The 26-year-old was playing just his second European Tour event after finishing second on The Challenge Tour and set the clubhouse target at 10-under before the final group had teed off.
“You never see that kind of thing coming,” he said. “It was just one of those days when I was feeling good on the greens. I was very good from 10 feet and less, so as I had quite a lot of iron shots that went into that zone, I had many opportunities. I saw it coming maybe when I birdied 10 from pretty far away, so I just tried to keep that momentum.”
The Frenchman was a two-time winner on The Challenge Tour last season and looked on course to go out in the late groups on Saturday before three dropped shots in the last three holes of his second round derailed his progress. But birdies on the third, fifth, sixth, seventh, 10th, 11th, 13th, 15th and 16th on ‘moving day’ got him right into contention.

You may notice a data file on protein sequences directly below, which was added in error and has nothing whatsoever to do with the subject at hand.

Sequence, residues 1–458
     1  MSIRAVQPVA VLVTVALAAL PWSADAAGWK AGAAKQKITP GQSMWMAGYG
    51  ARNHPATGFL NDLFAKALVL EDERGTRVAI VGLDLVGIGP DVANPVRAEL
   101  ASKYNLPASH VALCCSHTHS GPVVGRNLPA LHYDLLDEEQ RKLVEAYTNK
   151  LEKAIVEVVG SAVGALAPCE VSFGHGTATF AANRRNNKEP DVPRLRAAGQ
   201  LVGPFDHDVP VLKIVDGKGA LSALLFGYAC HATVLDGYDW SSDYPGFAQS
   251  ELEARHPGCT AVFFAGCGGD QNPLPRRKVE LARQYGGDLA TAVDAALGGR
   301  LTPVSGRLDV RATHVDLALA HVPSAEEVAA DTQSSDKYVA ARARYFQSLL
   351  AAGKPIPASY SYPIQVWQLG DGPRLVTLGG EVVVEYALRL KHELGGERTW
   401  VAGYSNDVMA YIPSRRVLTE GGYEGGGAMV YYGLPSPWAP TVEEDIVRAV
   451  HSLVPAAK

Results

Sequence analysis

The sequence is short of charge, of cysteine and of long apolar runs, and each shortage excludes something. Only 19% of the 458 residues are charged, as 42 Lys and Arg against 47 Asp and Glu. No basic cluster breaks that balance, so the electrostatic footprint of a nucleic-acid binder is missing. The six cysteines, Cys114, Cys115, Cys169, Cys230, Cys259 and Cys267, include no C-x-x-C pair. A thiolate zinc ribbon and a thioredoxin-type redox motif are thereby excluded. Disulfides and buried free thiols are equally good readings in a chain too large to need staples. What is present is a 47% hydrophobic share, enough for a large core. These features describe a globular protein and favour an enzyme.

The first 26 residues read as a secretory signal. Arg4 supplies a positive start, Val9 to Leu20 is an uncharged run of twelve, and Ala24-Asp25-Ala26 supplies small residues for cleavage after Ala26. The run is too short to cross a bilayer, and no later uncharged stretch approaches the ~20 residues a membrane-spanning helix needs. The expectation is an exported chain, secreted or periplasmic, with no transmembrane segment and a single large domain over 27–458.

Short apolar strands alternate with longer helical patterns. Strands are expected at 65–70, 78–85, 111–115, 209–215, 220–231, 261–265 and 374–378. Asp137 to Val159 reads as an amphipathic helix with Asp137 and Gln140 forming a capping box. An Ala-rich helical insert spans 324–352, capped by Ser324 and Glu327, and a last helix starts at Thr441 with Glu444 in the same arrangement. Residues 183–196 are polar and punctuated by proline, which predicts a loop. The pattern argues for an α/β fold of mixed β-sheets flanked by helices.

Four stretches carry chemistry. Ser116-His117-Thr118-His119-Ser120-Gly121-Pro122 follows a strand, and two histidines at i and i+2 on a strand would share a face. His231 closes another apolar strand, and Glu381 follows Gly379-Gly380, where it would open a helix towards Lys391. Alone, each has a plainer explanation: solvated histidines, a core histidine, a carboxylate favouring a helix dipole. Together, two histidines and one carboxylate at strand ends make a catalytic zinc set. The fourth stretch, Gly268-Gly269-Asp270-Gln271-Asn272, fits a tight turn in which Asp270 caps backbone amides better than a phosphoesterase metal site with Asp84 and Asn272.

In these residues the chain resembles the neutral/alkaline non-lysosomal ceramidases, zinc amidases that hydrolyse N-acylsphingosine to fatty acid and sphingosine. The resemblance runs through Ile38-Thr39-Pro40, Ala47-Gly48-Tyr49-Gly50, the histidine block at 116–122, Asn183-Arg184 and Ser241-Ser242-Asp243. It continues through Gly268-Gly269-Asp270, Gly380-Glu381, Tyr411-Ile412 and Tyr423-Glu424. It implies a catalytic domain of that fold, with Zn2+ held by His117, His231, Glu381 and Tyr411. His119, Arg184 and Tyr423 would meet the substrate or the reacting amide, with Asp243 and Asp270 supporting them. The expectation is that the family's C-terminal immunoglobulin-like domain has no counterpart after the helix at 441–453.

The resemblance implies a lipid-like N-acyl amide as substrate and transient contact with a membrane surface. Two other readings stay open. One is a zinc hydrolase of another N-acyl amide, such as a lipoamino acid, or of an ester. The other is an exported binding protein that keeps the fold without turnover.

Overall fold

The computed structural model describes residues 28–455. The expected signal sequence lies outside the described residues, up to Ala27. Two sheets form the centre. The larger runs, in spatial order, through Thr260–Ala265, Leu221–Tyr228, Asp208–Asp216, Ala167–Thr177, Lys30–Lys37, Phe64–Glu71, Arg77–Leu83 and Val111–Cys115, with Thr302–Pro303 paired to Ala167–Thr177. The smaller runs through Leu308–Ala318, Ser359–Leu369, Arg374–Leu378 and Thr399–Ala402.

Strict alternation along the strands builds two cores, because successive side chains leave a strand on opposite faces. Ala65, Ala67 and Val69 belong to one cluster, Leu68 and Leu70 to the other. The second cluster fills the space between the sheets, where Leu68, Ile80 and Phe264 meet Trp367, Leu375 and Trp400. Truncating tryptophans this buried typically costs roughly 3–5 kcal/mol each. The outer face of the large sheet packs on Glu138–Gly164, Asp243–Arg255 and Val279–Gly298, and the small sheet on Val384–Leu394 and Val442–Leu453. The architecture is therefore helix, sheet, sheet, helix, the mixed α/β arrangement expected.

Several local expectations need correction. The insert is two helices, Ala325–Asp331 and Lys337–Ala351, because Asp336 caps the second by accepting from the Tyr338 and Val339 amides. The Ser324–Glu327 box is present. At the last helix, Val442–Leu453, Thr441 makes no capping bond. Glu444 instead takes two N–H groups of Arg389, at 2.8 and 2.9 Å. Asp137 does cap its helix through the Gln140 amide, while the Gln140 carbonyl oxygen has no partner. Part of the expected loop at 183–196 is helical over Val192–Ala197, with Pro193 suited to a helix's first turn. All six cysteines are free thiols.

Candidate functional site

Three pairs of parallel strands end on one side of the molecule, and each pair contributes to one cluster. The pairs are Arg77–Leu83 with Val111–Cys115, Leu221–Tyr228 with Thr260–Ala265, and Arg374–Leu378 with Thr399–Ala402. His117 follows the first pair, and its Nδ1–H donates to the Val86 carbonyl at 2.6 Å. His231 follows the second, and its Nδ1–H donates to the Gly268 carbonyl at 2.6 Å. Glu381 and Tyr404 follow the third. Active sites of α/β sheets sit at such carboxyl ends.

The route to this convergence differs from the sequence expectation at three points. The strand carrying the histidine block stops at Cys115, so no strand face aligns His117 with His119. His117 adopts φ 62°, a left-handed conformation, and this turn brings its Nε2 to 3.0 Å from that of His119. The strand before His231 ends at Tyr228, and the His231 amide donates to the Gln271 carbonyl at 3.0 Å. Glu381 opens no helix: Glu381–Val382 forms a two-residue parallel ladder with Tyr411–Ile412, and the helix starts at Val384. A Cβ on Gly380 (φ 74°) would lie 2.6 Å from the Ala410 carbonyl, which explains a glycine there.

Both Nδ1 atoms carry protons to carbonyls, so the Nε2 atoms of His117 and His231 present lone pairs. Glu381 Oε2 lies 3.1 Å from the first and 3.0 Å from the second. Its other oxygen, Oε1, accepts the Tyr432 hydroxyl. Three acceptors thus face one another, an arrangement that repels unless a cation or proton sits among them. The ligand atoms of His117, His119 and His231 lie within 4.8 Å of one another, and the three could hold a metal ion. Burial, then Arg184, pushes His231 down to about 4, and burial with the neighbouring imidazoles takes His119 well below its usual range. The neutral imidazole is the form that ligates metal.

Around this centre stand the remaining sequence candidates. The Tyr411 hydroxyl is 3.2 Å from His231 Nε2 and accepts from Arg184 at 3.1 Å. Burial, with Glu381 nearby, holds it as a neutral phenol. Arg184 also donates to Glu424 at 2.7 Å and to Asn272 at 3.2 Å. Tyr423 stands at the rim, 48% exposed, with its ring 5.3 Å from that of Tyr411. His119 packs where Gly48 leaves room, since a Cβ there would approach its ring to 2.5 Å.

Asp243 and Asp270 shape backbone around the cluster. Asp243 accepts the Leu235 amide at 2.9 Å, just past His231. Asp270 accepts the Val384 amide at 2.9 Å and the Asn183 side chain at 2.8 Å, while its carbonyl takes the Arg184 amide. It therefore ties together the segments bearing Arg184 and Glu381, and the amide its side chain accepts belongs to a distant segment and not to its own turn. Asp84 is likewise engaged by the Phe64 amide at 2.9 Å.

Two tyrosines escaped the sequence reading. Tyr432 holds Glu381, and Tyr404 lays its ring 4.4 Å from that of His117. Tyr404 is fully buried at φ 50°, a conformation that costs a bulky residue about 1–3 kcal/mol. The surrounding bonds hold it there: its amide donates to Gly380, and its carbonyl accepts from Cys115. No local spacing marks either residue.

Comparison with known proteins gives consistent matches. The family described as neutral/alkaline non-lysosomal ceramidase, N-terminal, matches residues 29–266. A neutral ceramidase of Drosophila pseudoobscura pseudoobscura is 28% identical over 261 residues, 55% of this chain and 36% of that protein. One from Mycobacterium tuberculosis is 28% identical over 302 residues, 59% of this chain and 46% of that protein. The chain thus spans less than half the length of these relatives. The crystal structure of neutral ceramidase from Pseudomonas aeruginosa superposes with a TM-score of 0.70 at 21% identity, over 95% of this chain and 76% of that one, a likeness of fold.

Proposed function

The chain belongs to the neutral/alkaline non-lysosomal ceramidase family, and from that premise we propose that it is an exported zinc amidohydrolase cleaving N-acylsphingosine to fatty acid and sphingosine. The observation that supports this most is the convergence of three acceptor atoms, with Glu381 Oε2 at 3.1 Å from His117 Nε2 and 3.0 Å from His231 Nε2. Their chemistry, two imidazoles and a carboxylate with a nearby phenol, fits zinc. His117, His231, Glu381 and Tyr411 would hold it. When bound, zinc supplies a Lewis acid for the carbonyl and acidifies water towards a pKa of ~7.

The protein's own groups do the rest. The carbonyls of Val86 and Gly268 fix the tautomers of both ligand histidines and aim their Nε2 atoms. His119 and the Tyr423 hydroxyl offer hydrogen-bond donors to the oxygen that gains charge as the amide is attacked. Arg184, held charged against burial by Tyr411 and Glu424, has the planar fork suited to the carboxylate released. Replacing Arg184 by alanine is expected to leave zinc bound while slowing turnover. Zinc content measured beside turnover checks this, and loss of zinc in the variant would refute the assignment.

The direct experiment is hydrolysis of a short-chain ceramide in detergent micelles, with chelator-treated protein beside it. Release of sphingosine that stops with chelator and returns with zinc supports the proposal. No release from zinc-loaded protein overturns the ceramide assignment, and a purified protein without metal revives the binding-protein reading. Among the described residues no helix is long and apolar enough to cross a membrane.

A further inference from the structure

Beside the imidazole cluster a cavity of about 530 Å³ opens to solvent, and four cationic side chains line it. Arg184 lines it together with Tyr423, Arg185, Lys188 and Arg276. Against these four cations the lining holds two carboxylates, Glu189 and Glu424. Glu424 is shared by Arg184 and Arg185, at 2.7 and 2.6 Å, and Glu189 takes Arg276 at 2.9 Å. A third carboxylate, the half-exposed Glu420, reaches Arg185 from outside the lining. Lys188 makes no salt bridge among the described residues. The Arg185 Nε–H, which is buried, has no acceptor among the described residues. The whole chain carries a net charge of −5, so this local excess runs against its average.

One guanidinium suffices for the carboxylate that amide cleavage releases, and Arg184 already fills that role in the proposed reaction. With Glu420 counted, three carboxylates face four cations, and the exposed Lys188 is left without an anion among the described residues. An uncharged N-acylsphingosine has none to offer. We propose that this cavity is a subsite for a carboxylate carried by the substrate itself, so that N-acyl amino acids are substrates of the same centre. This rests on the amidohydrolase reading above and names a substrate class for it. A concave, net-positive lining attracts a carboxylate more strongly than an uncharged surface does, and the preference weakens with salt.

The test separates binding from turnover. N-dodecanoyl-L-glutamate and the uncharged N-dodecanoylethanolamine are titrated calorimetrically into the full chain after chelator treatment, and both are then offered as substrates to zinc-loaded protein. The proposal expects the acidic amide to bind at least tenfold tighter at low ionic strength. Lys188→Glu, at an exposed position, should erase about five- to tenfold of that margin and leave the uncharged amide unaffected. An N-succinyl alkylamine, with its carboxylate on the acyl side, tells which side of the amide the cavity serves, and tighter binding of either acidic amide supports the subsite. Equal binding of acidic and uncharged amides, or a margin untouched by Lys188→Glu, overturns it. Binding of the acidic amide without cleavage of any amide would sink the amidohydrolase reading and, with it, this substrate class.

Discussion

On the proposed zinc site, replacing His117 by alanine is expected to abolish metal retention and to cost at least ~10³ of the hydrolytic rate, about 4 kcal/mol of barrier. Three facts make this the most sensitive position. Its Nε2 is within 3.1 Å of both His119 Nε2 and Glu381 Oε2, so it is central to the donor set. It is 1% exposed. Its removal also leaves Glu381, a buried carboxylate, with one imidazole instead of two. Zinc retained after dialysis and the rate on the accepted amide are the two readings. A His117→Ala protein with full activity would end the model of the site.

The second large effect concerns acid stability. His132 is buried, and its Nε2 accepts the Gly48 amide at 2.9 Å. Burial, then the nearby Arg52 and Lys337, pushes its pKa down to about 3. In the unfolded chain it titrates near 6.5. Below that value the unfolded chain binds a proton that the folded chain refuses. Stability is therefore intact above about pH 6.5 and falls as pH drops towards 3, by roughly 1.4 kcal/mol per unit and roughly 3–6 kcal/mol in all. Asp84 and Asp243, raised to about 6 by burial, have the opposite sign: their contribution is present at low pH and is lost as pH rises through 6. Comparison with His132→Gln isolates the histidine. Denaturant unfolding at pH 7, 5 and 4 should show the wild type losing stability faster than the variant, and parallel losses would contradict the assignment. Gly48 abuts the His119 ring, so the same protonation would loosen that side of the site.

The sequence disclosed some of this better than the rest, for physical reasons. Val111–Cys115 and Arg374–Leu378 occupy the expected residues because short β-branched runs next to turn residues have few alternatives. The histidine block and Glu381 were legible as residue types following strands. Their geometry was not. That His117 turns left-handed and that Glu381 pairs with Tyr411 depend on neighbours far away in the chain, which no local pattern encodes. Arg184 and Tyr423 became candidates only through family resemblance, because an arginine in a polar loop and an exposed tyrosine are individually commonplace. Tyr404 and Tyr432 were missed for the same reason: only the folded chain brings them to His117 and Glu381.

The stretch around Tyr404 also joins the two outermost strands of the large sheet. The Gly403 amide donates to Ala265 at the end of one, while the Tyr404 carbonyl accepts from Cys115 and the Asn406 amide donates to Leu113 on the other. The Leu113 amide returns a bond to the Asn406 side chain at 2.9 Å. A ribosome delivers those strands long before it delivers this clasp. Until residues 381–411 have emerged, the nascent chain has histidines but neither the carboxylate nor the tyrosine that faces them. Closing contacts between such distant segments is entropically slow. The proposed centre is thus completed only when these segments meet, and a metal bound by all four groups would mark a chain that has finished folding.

“Challenge Tour is like university and we’re going to the real job now,” said Gros. “So I’m out of university and now my first mission is pretty good at the moment, but there’s still 25 percent of the job to be done. But getting into sort of contention – because we don’t know what the others will do – in my first tournament is a really good feeling. I was not feeling that good coming to this event, so it’s a very good feeling.”
Defending champion Branden Grace was then at six-under after a 66 that got his campaign back on track, while fellow South African Dylan Frittelli was in the clubhouse at eight-under with a 66 of his own.
Another Frenchman Thomas Linard, who finished ninth on The Challenge Tour in 2015, was at six-under after a 67.
With reporting from The European Tour